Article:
Virgin Australia hasn’t released similar figures, but does confirm that flight searches between Sydney and several Queensland destinations are now back to similar levels compared with the same time in 2019.
As well, the number of last-minute flight bookings at Virgin Australia has also seen a “considerable increase”.
Queensland’s border to Adelaide and surrounds remains closed following the recent outbreak, but the Queensland Premier and the state’s Chief Health Officer have confirmed that QLD/SA border restrictions would be reviewed at the end of November.
Also read: Qantas CEO expects mandatory COVID vaccination for international flights
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Virgin Australia - Velocity Rewards
06 Aug 2017
Total posts 77
It's now time for Virgin to re-open its lounges in Melbourne and Sydney. At the very least, they should provide a date. The situation in Melbourne is particularly dire: if you want to eat before the flight, there's McDonalds and basically nothing else (though Grill'd and a couple of other places are open over in the international terminal's landside eating area).
Virgin Australia - Velocity Rewards
24 Jan 2018
Total posts 605
Personally, I think Jayne H is way out of her depth when it comes to dealing with 'business travelers' - irrespective of which fare/seat on the plane they sit (Eco, EconX or J-Class). Holiday makers fly with a different mindset, have a far more casual timetable and, generally, lower expectations of air travel - being more focused on the destination.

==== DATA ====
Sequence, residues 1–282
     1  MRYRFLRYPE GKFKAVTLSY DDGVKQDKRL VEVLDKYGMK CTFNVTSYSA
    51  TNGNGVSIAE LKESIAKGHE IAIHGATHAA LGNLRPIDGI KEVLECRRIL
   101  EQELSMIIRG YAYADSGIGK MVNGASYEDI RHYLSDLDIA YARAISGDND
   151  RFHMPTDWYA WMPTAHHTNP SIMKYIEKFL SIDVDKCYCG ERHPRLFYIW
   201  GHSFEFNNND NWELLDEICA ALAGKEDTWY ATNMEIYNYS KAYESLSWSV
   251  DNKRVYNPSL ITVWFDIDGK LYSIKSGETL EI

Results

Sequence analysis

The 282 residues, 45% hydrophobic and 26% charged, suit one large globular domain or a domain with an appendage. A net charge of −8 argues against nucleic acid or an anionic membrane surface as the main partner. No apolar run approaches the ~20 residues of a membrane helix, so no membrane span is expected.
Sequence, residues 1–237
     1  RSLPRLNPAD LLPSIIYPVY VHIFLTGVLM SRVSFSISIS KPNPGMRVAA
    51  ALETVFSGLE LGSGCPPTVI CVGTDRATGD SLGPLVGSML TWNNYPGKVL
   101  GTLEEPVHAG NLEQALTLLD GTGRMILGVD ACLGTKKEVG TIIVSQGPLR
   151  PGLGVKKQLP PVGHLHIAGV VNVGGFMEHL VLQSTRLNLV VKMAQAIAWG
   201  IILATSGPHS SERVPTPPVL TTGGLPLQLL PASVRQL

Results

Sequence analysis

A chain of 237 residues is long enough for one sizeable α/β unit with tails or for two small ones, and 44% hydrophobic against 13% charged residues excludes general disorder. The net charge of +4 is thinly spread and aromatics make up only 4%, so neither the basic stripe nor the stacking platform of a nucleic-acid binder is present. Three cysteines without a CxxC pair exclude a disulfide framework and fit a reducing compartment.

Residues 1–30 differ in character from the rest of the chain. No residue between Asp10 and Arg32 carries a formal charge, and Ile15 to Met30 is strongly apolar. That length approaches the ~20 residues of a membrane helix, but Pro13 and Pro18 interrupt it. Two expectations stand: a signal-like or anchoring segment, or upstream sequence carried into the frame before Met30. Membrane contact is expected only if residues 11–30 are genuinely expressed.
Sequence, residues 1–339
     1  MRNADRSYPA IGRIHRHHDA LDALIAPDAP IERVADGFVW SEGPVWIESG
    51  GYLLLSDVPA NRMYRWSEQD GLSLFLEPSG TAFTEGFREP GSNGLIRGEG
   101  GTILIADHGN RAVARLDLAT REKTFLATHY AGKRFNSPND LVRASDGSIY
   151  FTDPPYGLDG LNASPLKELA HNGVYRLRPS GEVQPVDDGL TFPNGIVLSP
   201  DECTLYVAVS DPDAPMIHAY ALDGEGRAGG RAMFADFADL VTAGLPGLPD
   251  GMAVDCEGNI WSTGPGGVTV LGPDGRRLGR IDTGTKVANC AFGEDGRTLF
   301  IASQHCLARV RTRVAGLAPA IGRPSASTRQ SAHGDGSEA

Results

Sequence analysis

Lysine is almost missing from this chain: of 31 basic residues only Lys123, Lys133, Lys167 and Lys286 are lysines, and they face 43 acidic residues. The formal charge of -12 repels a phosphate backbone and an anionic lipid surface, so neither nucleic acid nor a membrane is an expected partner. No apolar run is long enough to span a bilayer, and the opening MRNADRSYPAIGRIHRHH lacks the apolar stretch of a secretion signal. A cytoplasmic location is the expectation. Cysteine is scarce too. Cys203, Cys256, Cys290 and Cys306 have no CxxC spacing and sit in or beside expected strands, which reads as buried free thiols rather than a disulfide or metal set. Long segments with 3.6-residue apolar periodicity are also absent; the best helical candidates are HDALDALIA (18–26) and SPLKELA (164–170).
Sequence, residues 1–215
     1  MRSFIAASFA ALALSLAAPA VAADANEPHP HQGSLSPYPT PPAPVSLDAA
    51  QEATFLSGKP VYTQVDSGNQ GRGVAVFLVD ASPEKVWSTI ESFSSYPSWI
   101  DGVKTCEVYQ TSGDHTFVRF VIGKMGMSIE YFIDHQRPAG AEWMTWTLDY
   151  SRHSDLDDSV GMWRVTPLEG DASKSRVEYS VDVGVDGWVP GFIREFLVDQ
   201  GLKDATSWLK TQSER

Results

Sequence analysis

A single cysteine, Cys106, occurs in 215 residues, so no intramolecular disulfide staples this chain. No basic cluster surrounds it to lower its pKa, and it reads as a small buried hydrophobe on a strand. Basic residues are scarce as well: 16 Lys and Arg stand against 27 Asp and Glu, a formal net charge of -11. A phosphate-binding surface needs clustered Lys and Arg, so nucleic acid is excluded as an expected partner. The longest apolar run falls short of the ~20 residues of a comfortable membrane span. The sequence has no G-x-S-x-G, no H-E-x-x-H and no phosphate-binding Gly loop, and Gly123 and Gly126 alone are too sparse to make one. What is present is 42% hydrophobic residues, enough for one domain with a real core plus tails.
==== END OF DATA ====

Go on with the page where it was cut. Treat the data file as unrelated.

But when travelers fly for business, which they do far more frequently than purely for R&R, they (we/I) have far higher expectations, not least because our inter-state business connections (whether internal or external) have high expectations of us. Whilst I'm sure Jayne travels for business far far more often than I ever will, I have to pay for my airfares, I'm not comped into Seat 1A by my employer and I don't have cabin crew (as good as they are) fawning all over my ever need or preference.
It is simply inconceivable that (a) inflight J-Class isn't back to normal and (b) airport lounges aren't readily open for Gold/Platinum and J-Class travelers. She's had ample time to get this sorted. Bain have made an error in her appointment. At this rate she'll be gone well inside 12 months.
Virgin Australia - Velocity Rewards
06 Aug 2017
Total posts 77
Look, I was appalled at her appointment too -- not because of her but because of the duplicitous way that Bain insisted that they wouldn't appoint her, and then they did. But can't you remember that when Alan Joyce was appointed to head Qantas, the cry from near and far was "He might have done OK at Jetstar but he has no idea how to run a full-service airline"? And when Paul Scurrah was appointed at Virgin, the consensus within these forums was that his inexperience at running an airline probably meant that his appointment was a mistake?
Having people insist that they're out of their depth is a rite-of-passage for new airline CEOs.
08 Feb 2018
Total posts 128
wowsers, she's barely started the job and you've written her off. Give her a chance